A friend of mine who frequently travels to Africa lent me a copy of The End of Poverty, a popular economics book by Jeffrey Sachs. Sachs’s thesis is that if we come up with $250 billion/year to hand over to the poorest of the world’s poor, mostly in Africa, that they will be able to invest and grow their way out of extreme poverty.
In the first half of the book, we follow Sachs around the world as he works with top officials to accomplish heroic deeds of currency stabilization in Bolivia, Poland, and other countries. The second half of the book lays out Sachs’s thesis that it is an obligation of rich countries to supply enough aid to solve worldwide poverty and that a solution is practical.
Sachs proceeds from the assumption that every human being on the planet, in virtue of having been born, has a fundamental right to clean water, food, clothing, housing, health care and education, even if neither he nor his parents ever make any attempt to work. He then says that if we ensure that everyone on the planet has all of these things, they will naturally save enough, and therefore invest enough, to grow their local economies. He notes with dismay that most rich countries have given up on aid to the extreme poor, saying “trade not aid” and generally pinching pennies.
One reason this 396-page book isn’t more convincing is that Sachs cannot come up with a single example of a country that has been lifted out of poverty by foreign aid. He talks about saving Russia with financial engineering, but Russia’s clever people were making jet fighters, atomic bombs, and helicopters long before they ever met Sachs. He talks about the Marshall Plan for post-WWII Germany, but Germany didn’t suffer from overpopulation and the lack of education that plague modern poor countries; investing in folks that had conquered France in six weeks probably did not seem very risky, particularly when one aim was to build up Germany’s power as a bulwark against the Soviets.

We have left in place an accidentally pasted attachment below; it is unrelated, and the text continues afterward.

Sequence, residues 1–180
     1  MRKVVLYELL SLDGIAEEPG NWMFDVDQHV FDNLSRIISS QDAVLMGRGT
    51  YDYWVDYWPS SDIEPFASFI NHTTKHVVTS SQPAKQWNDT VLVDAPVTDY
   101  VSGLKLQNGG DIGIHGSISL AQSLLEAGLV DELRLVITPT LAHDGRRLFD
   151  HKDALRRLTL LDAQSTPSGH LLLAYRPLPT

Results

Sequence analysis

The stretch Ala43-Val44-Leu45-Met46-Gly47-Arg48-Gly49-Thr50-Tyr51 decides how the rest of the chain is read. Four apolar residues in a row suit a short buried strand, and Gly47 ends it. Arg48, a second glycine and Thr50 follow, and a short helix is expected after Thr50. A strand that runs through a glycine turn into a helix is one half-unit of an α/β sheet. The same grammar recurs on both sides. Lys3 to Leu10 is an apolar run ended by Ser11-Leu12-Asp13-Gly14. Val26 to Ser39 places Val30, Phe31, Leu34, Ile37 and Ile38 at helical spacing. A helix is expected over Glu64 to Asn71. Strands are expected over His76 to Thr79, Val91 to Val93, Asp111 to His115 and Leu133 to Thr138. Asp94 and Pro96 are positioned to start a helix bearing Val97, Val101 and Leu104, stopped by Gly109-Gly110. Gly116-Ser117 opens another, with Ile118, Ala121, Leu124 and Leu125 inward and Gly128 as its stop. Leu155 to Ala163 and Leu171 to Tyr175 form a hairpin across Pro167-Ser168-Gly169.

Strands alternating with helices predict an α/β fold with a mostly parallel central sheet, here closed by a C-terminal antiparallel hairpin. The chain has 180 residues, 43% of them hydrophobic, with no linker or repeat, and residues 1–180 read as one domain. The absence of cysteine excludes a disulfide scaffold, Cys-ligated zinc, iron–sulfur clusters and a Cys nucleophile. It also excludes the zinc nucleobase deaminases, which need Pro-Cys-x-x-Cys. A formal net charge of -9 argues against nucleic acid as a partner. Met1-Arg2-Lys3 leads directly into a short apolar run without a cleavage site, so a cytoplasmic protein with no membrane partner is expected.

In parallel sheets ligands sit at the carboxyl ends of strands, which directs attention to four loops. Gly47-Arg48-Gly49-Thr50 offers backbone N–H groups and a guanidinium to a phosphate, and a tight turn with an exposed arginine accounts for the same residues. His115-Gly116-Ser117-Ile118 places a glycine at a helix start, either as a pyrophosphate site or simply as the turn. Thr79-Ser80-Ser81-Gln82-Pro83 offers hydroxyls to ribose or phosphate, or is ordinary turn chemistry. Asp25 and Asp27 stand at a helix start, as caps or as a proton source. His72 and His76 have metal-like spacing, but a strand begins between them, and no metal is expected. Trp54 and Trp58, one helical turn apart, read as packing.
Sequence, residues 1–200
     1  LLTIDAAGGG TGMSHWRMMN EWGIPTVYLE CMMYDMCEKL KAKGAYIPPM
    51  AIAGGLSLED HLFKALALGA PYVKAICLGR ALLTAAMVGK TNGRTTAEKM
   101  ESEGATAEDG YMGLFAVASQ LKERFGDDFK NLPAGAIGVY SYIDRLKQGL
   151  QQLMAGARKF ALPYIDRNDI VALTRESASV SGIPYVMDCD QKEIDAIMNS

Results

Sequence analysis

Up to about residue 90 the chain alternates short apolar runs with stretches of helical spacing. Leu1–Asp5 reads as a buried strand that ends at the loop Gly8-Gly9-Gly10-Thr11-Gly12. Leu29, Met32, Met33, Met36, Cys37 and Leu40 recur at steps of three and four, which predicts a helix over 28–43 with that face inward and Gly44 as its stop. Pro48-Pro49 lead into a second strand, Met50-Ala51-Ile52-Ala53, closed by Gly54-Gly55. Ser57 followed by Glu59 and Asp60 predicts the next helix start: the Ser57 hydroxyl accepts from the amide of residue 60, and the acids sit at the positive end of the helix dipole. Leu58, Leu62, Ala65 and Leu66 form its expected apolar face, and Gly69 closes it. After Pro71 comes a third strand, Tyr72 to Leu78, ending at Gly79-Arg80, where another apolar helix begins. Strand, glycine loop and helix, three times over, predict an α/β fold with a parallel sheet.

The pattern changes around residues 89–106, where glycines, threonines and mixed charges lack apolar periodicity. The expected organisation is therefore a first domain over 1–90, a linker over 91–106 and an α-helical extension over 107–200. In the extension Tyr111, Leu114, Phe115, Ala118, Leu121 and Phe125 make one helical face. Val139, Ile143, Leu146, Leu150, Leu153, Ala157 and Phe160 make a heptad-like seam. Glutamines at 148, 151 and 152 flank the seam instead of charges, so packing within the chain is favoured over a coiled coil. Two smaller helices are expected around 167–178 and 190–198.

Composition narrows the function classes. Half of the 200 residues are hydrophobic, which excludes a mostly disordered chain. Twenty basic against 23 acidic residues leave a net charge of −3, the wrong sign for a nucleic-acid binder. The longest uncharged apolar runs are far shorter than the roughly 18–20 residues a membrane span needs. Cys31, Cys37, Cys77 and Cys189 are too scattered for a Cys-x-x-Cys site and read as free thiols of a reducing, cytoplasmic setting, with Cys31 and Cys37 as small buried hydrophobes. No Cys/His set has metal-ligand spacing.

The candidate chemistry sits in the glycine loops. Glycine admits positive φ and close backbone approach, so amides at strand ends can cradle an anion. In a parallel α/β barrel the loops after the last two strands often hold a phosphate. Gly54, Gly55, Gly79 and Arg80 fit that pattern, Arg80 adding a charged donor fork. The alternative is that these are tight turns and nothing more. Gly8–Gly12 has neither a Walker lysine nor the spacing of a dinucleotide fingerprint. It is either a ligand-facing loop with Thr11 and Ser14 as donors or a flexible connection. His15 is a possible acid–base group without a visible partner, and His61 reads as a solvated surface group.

Sachs tries to address some of his critics. People going back as far as Malthus have argued that if you provide a human population with extra food and other resources, they will tend to have more children until the new food supply is exhausted. Sachs just says that this isn’t so and cites countries that have had falling birthrates as their economies have developed. One flaw in this argument is that the falling birthrates are in countries that have developed through internal efforts, not through inputs from foreigners. There are actually a few places on this Earth where people have an guaranteed right to all of the things that Sachs believes are universal human rights, even if they do no work, and with the resources coming from some source other than work. One is Saudi Arabia. The money comes up out of the ground, a gift from the dinosaurs and Western oil company technology. A citizen of Saudi Arabia need only be born in order to tap into a reasonable comfortable lifestyle. What’s the population growth rate? At least 3%, with the average woman having close to 6 children (source). The Palestinians are in a similar situation, though the money mostly comes from the U.N., the U.S., and the European Union (i.e., from taxpayers in Western countries). They have a population growth rate of 3.5%, one of the highest in the world (the worldwide average is 1.2% growth). Sachs fails to note that the experiment of giving a not-necessarily-working human population the universal rights that he posits has actually been done in at least a few places and the result is a lot of kids.